HC Deb 29 March 1886 vol 304 cc210-8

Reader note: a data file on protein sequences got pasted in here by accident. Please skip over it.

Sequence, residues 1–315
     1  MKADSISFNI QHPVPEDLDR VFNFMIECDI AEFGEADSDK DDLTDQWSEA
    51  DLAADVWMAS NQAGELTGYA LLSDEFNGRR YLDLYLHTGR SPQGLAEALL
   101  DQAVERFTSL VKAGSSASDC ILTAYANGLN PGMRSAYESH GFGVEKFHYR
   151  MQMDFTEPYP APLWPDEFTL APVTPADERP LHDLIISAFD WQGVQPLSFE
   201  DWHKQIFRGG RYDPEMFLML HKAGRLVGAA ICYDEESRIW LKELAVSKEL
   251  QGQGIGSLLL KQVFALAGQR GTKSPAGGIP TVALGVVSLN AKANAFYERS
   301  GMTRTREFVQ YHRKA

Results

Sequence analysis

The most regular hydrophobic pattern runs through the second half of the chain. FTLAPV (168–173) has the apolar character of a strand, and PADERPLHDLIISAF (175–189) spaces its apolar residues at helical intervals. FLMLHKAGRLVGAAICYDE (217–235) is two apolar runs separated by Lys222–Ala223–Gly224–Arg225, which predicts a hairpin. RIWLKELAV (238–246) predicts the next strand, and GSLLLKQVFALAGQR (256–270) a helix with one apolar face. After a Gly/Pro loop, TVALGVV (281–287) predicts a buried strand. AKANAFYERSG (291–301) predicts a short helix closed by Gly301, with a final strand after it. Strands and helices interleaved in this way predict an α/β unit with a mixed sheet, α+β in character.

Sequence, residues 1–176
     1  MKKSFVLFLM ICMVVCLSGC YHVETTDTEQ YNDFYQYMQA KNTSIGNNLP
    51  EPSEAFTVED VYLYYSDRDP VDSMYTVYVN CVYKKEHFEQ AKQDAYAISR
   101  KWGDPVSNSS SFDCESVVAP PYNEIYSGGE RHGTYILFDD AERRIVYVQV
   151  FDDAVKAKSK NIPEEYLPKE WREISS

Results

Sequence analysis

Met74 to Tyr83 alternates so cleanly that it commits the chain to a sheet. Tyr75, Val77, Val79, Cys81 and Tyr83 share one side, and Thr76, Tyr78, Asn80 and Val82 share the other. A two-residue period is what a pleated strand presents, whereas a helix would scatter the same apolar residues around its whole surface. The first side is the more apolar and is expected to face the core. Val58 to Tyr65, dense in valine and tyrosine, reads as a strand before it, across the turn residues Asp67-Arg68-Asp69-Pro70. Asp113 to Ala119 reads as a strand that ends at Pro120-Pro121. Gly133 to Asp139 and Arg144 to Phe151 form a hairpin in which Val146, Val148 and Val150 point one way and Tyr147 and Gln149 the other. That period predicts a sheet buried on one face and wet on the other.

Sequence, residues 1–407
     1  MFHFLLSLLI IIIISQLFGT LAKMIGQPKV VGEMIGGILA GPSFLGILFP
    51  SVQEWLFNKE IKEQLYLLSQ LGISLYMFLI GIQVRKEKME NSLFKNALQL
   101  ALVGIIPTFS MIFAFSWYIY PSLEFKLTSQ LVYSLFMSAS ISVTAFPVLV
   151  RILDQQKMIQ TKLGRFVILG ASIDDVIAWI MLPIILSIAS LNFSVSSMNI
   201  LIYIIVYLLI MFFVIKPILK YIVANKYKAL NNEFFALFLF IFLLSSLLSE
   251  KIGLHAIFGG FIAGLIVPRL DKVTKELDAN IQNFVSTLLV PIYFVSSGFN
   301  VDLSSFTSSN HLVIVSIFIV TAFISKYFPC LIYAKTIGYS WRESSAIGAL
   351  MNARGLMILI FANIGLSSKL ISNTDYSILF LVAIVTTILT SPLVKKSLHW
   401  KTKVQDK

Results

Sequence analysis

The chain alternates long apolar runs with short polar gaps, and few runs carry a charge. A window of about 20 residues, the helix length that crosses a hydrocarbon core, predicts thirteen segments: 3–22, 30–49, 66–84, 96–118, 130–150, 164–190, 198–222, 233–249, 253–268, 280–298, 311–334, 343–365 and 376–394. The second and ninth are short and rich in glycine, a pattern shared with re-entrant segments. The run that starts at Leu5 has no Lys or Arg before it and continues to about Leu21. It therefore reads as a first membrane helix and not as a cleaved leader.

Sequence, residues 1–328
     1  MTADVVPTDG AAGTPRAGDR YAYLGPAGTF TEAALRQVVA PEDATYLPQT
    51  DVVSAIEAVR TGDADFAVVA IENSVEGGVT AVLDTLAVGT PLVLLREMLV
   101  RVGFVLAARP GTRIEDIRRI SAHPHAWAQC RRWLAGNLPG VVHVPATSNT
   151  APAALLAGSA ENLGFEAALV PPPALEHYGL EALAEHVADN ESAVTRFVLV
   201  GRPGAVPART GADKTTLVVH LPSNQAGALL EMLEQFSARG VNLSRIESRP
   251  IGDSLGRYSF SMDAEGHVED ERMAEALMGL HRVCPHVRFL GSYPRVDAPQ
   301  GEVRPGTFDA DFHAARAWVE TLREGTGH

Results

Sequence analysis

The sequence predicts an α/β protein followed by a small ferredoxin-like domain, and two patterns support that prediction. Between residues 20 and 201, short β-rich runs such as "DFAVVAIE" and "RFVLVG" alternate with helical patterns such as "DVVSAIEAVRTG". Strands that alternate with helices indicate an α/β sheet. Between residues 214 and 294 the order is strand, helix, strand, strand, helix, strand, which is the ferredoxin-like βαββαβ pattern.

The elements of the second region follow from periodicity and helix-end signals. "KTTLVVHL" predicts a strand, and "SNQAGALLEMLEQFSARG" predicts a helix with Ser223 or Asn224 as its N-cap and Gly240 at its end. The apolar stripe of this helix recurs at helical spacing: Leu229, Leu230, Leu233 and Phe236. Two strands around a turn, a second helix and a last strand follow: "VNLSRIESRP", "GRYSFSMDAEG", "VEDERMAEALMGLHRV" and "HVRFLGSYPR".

Order for Second Reading read.